A huge sigh of relief as firm prices at the Cape Winemakers Guild Auction confirm price contagion contracted at last week’s Nederburg Auction has been stopped at the steps of the Convention Centre. It was pretty much a foregone conclusion for this commentator after tasting my way through three dozen wines and one brilliant Boplaas 1996 vintage potstill brandy at the ultimate public pre-auction tasting last night. At R250 a ticket, this final showcase confirmed the way to get people to buy your bottle is to get them to taste it. Forget foreign pundits (although Steve Tanzer and James Molesworth had been air freighted the wines and duly doled out their 90+ ratings on cue), rumours of five star nominations and sponsored radio spots, suck it and see works for me. In fact one wag (take a bow, EJ) noted this auction consumes more wine tasting samples than are offered for sale.
As for the wines on offer, my favourite red by the proverbial country mile was Etienne Le Riche’s Cabernet 2005. Made using traditional open tank fermentation it was simultaneously rich and elegant, and confirmation of the importance of vintage as I found the 2006 too oaky and too tomato leafy for me. Among the half dozen serious Shirazes (or should that be Syrahs), David Nieuwoudt’s Cederberg Teen Die Hoog has wonderful phenolic ripeness but Niels Verburg’s Wild Hoar takes the koek. A follow up on last year’s “two four listening” (his son was graded “two out of five for listening” at school) the name comes from the laatjie mishearing “wild boar” as “wild whore” reproduced as “hoar” for sensitive souls.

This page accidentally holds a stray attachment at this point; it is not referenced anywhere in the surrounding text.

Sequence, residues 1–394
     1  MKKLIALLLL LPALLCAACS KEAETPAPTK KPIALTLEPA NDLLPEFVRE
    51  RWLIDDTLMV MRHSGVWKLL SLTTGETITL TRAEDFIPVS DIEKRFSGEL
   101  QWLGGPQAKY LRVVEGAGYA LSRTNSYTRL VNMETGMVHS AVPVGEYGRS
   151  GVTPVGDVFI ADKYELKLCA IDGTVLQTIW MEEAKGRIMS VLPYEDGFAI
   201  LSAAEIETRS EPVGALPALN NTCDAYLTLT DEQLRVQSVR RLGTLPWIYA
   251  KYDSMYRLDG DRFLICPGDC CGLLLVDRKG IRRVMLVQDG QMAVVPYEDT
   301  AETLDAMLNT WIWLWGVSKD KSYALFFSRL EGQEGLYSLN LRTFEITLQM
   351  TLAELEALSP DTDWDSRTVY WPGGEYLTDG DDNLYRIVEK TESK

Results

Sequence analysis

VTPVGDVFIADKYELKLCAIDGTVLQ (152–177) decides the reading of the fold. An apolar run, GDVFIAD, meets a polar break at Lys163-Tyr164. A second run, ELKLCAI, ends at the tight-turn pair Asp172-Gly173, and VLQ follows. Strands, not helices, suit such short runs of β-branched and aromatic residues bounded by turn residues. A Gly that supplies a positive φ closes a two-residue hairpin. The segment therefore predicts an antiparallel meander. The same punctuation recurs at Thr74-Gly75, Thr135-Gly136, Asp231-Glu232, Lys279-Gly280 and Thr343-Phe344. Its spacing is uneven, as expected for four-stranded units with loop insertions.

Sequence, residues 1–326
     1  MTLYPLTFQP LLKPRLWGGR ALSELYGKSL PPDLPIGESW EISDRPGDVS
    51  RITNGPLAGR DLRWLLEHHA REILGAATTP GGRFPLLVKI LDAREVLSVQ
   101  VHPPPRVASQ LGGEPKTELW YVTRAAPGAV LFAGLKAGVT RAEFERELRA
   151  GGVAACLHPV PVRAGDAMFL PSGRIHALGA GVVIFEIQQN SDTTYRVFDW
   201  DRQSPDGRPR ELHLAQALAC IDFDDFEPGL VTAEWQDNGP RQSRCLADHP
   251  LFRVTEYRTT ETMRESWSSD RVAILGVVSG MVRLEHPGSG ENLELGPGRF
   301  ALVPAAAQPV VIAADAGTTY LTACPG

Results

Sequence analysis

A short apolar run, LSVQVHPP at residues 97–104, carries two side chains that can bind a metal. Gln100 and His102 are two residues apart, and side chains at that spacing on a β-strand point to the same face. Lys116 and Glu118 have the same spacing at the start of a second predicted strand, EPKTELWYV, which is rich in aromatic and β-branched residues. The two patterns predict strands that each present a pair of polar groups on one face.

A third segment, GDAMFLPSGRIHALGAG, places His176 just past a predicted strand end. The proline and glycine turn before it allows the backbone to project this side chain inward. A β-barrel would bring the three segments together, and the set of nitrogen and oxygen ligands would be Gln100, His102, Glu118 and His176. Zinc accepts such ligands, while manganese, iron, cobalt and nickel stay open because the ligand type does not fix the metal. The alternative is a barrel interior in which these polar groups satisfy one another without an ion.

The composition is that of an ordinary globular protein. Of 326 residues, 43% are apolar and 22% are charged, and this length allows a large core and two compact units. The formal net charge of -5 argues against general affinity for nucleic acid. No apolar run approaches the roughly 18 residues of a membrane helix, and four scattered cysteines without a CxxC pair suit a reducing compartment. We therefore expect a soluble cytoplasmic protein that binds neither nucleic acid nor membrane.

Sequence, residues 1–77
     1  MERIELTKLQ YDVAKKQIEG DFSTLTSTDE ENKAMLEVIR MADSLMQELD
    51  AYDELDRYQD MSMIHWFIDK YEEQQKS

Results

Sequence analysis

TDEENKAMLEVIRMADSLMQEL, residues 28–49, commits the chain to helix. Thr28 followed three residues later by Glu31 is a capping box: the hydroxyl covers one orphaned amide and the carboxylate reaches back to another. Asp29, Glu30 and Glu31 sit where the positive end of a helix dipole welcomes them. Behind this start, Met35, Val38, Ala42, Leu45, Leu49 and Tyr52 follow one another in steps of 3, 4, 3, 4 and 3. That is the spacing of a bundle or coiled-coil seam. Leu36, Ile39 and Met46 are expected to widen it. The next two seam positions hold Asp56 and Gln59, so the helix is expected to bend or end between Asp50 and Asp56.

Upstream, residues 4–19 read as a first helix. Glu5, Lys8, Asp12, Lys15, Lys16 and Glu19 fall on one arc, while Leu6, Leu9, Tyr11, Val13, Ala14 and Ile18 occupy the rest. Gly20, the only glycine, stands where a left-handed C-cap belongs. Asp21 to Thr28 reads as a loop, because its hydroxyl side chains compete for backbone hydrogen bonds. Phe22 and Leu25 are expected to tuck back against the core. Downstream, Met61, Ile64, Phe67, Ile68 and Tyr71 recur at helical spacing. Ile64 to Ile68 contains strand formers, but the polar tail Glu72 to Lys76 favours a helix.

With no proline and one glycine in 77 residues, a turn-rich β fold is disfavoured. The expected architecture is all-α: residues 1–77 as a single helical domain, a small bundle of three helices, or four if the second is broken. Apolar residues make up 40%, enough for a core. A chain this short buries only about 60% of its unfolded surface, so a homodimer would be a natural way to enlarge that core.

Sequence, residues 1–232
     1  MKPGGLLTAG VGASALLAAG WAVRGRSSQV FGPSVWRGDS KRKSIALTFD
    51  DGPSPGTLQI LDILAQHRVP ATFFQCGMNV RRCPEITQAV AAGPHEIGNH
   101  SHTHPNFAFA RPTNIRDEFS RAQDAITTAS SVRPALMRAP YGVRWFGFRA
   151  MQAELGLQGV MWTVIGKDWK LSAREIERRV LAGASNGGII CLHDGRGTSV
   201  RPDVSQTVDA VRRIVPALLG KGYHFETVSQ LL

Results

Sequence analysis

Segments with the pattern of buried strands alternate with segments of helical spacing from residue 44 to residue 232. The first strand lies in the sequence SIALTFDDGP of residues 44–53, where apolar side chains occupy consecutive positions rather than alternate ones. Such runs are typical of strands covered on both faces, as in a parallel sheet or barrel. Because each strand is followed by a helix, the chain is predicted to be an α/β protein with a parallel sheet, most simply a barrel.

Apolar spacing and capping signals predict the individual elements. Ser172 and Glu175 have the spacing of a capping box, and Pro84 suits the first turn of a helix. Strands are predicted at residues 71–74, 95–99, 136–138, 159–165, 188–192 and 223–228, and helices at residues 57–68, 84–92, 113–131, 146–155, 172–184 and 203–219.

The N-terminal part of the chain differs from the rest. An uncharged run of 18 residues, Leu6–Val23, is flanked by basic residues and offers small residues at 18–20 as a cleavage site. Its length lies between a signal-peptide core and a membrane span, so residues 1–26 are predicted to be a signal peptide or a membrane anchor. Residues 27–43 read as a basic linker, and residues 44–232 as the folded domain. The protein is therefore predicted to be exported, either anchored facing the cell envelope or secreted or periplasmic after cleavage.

Jan Boland Coetzee’s Vriesenhof Pinot Noir 2005 was described by its author as “like walking in a damp, wet forest.” ‘nuff said while Gary and Cathy Jordan’s Sophia is Cobbler’s Hill on steroids and the 06 vintage is the sixth time this wine has been offered – nicely symmetric.
My biggest surprise was Carl Schultz’s Hartenberg Riesling 007. While the boring anorak argument re. Crouchen Blanc being called Riesling (or was it vice-versa?) seems to have now been settled to the pleasure of pedants, at the end of the day, what does it taste like? This one has attractive kerosene notes, a floral minerality and oily richness. That it was fermented and matured in classic Alastian style in old French oak confirms that searing acidity is not the only recipe for the world’s most elegant white grape on SA terroir.
Talking terroir, Elim is turning out to be the Promised Land for aromatic SA whites: Bruce Jack’s Weather Girl 06, David Nieuwoudt’s Semillon 07 and Louis Nel’s Lands End Sauvignon Blanc 08 making the point, in spades. On the subject of digging, “build it, and they’ll come” has long been the mantra of Mother City property developers. “Pour it, and they’ll buy” clearly works for the Cape Winemakers Guild when it comes to auctions.